I am no stranger to a sore ankle. In just over a year, my lanky limbs have stumbled over themselves and caused 3 separate ankle injuries. The first time I sprained my ankle, I was 10km away from the finish line of a 500km charity cycle across Southeast Asia. The second time, I broke my ankle just hours into a romantic getaway. We spent most of the weekend at the hospital! I was then immobilised in a Moon Boot until the week before I was to lead a work trip trekking the Inca Trail, Peru, which sure put a complete stop to my training plan! And now, just 2 weeks from what will be the most intense and transforming yoga practice of my life at the source of Ashtanga, KPJAYI Mysore, I have sprained the same ankle. Although it feels quite personal and planned by the universe to spite me, approximately 200,000 people sprain or break their ankle each day!
During my second injury, I saw my GP, physio and sports doctor all of which offered up conflicting information. My physio wanted me immobilised for months, while my sports doctor wanted me up and moving as soon as possible. There remains many different perspectives on correct healing practices, from the RICE (rest, ice, compression, elevation) method, to the complete opposite MEAT (movement, exercise, analgesia, treatment).
I am personally critical of the RICE method, as many movement specialists share. Too much rest can restrict circulation, decrease mobility and often weaken the area from disuse. Many of the benefits of RICE are temporary and simply disguise pain. While MEAT increases blood flow and natural immune responses for injury, which allows for a more stable and long term return to full functionality.
The best piece of advice I can offer from my experience is to simply follow your pain. If weight bearing or movement hurts, stop. If it feels possible, start, with the guidance of a professional you trust.
Early exercise and movement can play a vital part in healing. Here are some yoga exercises I have personally used to rebuild strength and improve flexion.
Poses To Play With
Tadasana – Mountain Pose
The foundation poses of the standing series in Ashtanga. With Tadasana practice grounding down on all four corners of both feet. Notice if on your injured foot there is any areas which are not connecting with the ground as usual. This is normal. Usually to avoid discomfort we slightly change our walking habits. With time and practice try to work with re-grounding your foot as per usual. Balance is also key in recovery. Practice in Tadasana swaying from your tip toes to your heels, slowly. Gradually build towards doing this with eyes closed. This will engage your injured ligaments to rebuild strength.
Dandasana – Staff Pose
The seated version of Tadasana. Engaging the whole of both legs, practice flexion of both feet from pointed to flexed back. Notice if you have lost any mobility in the injured foot. Work with this at least once a day as you begin to see progress.
Sarvangasana – Shoulder Stand
A great pose to keep the foot elevated, which will temporary relieve swelling and pain from the injury. A great exercise to practice whilst in Shoulder Stand is Alphabet Spelling. Simply spell out the letters of the alphabet with your injured foot. This allows you to test out all different angles of your mobility, you will notice which directions are blocked and which are comfortable.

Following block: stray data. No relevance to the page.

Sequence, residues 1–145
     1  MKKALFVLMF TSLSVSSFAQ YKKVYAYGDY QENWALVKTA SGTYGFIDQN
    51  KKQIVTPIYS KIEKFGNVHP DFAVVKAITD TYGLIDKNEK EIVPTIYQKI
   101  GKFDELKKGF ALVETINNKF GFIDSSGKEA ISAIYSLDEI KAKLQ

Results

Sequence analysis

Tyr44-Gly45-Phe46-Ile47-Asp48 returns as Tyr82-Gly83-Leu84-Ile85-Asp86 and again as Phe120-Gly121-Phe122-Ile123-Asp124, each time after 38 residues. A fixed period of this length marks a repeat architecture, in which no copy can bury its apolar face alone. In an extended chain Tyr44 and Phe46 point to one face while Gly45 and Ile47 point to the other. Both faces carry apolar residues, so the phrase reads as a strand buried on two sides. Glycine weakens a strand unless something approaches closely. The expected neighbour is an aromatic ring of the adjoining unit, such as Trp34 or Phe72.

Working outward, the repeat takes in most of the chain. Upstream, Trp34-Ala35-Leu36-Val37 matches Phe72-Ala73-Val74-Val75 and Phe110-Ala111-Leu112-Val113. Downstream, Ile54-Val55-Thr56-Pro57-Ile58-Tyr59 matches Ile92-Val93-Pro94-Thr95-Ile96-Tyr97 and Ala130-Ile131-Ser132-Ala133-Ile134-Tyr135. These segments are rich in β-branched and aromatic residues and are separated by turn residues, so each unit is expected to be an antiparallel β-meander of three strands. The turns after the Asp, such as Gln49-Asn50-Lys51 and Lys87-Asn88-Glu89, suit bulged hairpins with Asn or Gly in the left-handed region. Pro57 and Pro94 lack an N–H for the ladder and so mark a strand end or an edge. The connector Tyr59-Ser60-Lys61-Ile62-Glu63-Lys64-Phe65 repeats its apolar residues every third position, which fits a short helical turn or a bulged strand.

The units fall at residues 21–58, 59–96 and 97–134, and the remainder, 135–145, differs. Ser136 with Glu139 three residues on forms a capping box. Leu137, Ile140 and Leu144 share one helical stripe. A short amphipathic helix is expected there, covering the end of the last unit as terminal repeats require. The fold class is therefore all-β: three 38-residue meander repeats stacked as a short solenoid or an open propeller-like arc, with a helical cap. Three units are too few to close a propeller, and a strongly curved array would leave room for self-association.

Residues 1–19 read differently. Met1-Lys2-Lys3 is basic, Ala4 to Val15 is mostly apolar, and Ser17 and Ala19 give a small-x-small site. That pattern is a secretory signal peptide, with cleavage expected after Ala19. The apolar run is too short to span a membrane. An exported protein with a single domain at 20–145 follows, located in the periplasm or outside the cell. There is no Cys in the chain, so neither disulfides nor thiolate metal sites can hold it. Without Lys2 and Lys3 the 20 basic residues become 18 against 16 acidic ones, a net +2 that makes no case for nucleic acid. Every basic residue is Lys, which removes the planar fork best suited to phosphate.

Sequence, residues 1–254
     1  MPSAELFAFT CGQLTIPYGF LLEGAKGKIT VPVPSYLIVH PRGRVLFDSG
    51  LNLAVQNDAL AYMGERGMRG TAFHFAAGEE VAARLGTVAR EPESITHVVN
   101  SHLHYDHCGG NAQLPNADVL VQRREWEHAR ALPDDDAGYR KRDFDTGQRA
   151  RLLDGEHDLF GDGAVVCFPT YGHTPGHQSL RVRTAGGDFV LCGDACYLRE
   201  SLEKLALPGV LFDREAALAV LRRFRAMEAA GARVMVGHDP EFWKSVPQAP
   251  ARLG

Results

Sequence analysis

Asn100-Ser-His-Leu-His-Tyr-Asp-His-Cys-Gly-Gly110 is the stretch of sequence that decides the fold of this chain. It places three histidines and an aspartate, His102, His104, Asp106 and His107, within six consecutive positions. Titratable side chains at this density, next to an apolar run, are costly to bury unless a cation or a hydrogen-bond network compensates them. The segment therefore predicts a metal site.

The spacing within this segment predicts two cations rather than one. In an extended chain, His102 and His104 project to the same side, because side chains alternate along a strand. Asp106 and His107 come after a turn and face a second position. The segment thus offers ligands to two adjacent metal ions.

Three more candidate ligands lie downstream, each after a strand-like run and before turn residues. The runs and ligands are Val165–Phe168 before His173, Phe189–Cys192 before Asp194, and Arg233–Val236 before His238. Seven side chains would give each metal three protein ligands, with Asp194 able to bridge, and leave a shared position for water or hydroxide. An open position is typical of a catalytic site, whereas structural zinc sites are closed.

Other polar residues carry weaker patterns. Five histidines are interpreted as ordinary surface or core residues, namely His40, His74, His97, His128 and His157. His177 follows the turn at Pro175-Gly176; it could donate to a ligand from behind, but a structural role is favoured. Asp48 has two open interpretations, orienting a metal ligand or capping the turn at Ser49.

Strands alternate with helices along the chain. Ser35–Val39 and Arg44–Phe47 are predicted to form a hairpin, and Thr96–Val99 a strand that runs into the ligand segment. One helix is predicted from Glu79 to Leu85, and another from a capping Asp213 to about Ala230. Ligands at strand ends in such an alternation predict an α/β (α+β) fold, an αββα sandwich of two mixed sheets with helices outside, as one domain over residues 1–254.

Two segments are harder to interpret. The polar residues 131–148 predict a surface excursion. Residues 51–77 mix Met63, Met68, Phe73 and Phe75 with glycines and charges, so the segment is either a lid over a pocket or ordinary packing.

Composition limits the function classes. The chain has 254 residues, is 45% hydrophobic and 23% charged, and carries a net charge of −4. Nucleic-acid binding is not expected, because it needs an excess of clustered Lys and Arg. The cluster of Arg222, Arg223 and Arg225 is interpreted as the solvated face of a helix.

Poses To Work Towards
Utkatasana – Chair Pose
This pose requires your injury to be quite far along in recovery, so please don’t force it. Begin instead with your hands simply to your side or out in front of your body, rather than the traditional pose of above your head. Bend both knees into Chair Pose and pay attention to if you are able to bend your knee over your injured ankle. Flexion here is often limited, which is both physical and mental. However, the more you practice this, the more your nervous system will trust the movement and allow for greater access.
Virabhadrasana A and B – Warrior 1 and 2
The same movement of knee over ankle is possible in lunges such as warrior 1 and warrior 2. These poses are usually part of a vinyasa flow, so please be carefully getting in and out of the lunges, don’t rush!
Pascimottanasana – Seated Forward Fold
This forward fold is a great way to activate your upper legs and to keep your hips and hamstrings happy. Keeping your ankle in a neutral, pain free position, practice a very passive version of this stretch while your ankle heals. When you feel ready, practice pointing and extended back the foot in this pose to access ankle mobility.
Poses To Avoid
Padmasana – Lotus and Half Lotus
Ankle twists and sprains usually occur when a tendon or ligament is overstretched or torn. The angle required by your ankle to get into half or full lotus will put too much stress on an already stressed area of your body. Unfortunately this is a no to Ardha Baddha Padmottanasana, Arda Baddha Padma Pascimottanasa and Eka Pada Rajakapotasana (Pigeon Pose). You can still practice great hip openers, that also work with the outside of your ankle. Try Badhakonasana (Butterfly Pose). Use a supporting bolster or blanket rolled underneath your injured ankle, just for extra protection.
Knowing the best course of action to take for a safe and speedy recovery can be difficult. The most important element of yoga to practice is Ahisma (no harm), this of course includes to yourself! As yogis, especially Ashtangis, we tend to rely on our yoga routine for our overall health and wellbeing. However, you need to be flexible and compassionate towards yourself and the temporary changes to your practice. Try to focus on other restorative yoga tools such as yin, yoga nidra or meditation!